Amani Marshall’s review published on Letterboxd:
Very grateful to enjoy two theater screenings of Chameleon Street and Breathless in 4K over the same weekend. They’re very similar, they have similar attitudes. The actual screen at Lincoln Center is huge. It’s the most free-wheeling black movie, completely independent in every sense. Harris did whatever he wanted, so they made sure he couldn’t do it again. Breathless was banned for four years, Chameleon Street won first place at Sundance and got banned for life. At least that’s how it seems, this was the first time I considered that maybe Harris just didn’t have anything else to say so he eventually accepted his fate. He took his movie to Sundance and it beat Metropolitan and it beat To Sleep With Anger. The story of its botched distribution, so botched that it was never properly distributed at all, exemplifies the space between (I)ndustry and (i)industry. The film was first released on DVD in 2007, 18 years later. I don’t think it was the content alone that spooked everyone away, certainly, intelligent rebelliousness makes bureaucratic men weak in the knees, but the construction of the film has an energy and a style that makes snarling seem cool.
While it never ignores race, instead of taking the traditional approach of dramatizing race as a problem big enough to absorb fate, it cleverly treats race as a kind of role playing game. Perhaps Soul Man (1986), with C. Thomas Howell in full black face, is the white inverse/counterpart. In this way it gets down to the everyday level of experience. Race is one part of a person’s total performance, sometimes it dominates the other elements in an interaction, but Harris is trying to show that identity is formed through the relation between all categories of distinction. It has the metaphysics of the French New Wave because it’s not just a movie with an actor playing a character who acts, it’s a movie about the essence of performance, and this extends into the categories of race, class, and sex. Harris combines this theoretical layering of life and art with a Godard-like knack for pulling leaves off the branches of his interests and littering them throughout the frame. Explicit references to Marshall McLuhan, Jean Cocteau, expensive department stores, the list of Doug’s favorite musicians, a 1940s psychology experiment aimed at identifying children’s racial attitudes through the use of dolls, its a totally one-of-a-kind collage.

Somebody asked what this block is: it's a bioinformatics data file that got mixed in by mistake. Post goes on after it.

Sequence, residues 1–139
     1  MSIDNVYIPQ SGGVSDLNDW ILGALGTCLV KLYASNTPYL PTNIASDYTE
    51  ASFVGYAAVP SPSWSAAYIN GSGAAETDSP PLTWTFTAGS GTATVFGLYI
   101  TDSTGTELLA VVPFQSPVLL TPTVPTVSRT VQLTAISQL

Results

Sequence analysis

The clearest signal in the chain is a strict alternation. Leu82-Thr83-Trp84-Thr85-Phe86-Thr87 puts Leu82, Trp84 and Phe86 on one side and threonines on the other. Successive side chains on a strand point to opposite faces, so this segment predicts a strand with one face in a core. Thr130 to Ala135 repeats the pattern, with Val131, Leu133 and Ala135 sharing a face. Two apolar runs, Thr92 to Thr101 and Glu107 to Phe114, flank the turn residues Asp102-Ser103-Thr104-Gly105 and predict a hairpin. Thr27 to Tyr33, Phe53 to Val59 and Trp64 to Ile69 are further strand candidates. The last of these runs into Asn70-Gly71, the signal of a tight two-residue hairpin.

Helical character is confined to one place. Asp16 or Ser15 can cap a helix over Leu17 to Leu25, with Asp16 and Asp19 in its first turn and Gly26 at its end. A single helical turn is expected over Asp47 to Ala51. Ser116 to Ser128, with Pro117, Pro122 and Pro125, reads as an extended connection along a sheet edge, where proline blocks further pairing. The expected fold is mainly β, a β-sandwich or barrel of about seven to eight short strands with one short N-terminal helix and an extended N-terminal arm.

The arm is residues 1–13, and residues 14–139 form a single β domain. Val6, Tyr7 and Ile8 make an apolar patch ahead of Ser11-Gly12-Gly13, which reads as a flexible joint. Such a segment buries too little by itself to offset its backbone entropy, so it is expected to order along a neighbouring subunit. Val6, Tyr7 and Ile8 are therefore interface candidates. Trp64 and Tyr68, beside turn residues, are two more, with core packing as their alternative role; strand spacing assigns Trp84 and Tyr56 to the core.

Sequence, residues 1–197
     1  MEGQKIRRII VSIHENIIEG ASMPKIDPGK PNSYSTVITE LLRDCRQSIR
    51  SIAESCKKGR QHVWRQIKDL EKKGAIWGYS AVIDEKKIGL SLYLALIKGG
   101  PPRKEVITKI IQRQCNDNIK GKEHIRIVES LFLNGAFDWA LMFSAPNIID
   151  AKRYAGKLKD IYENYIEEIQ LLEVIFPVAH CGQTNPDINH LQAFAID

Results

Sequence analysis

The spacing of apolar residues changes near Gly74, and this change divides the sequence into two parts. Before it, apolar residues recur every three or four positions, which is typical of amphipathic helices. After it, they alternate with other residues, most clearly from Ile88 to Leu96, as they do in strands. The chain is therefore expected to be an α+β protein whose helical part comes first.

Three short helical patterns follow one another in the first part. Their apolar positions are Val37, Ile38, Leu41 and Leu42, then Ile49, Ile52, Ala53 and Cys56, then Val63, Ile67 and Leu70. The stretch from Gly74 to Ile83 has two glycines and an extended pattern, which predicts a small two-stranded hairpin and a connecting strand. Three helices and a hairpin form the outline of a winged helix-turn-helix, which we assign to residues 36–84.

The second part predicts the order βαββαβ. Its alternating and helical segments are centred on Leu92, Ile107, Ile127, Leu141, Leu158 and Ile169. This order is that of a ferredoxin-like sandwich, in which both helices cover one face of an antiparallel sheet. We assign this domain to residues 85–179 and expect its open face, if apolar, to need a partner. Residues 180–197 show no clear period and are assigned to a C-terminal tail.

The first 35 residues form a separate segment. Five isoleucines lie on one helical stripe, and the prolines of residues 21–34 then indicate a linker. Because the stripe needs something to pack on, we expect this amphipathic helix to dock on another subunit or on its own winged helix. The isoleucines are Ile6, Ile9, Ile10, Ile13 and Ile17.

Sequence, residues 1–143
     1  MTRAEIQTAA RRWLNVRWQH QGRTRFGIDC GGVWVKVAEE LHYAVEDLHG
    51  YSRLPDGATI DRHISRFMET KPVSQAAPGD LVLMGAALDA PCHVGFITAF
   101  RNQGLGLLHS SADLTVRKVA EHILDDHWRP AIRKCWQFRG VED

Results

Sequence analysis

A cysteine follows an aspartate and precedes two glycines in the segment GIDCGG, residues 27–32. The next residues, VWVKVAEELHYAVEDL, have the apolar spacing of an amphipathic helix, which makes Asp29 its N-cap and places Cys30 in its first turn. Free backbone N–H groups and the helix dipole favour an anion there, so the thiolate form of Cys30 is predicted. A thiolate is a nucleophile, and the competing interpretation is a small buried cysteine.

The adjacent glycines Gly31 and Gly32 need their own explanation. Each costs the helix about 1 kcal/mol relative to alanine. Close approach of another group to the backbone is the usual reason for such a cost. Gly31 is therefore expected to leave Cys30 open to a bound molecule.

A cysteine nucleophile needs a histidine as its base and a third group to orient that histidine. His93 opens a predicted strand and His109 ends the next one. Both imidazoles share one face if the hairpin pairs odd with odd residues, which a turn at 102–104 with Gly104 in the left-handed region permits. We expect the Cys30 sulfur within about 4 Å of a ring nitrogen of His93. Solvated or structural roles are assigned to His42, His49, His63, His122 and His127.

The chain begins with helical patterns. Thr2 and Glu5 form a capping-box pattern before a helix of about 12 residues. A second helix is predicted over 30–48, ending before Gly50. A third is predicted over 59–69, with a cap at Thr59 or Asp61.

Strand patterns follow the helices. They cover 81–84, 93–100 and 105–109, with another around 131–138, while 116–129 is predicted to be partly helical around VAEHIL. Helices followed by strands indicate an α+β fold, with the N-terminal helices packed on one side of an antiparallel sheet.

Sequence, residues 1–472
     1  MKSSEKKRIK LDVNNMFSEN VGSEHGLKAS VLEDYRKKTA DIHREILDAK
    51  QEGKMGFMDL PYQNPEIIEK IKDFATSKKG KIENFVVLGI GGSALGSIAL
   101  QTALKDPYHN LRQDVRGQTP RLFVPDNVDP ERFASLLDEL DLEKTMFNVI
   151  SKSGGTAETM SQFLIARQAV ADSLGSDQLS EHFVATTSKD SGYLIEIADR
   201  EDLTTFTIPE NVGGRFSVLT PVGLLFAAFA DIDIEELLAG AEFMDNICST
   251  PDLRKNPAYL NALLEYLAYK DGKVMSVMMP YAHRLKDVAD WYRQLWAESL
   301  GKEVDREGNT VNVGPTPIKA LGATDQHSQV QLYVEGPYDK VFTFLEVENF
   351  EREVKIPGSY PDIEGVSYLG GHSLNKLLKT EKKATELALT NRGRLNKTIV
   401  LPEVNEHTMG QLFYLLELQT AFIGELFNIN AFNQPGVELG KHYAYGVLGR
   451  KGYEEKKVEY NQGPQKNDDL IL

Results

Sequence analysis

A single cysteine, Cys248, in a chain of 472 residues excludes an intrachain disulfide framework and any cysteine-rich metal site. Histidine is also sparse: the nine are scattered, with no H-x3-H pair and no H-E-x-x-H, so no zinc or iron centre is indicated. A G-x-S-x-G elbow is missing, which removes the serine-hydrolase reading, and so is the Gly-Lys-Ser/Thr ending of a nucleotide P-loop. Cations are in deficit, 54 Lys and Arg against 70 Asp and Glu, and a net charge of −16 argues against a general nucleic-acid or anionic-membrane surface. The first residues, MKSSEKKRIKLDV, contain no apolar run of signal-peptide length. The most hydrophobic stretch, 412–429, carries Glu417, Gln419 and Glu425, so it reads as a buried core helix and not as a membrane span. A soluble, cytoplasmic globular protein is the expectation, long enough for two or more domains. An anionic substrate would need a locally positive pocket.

People don’t seem to really understand, should we say, the class dimensions of DuBois’s public life and intellectual work. Regarding “double consciousness,” which I could see as something attached to the discourse of this movie, having two identities in one self. I think this idea is most useful by relating it to how every move Doug makes is an attempt to enjoy upward mobility. He’s chasing the bag so he can buy more than a modest life for his wife. He’s constantly interpreting the procedural measures of white people who analyze and observe him from above. Their respective positions are fixed on the surface, until Doug figuratively “pulls one over” on them in the most literal sense. This power to interpret and create acceptance by being “unique” is connected to DuBois’s Talented Tenth in a more complicated way than is often taught. Chameleon Street is far too personal to represent the social effect of a self proclaimed black intellectual and financial elite but the idea and the methods are sharply presented here. The third act stretches a bit, the movie loses its shape, but this rickety form adds to the character’s psychology as it changes over time. It gives an answer to the question everyone is always asking him — why? It’s for love, and love costs money.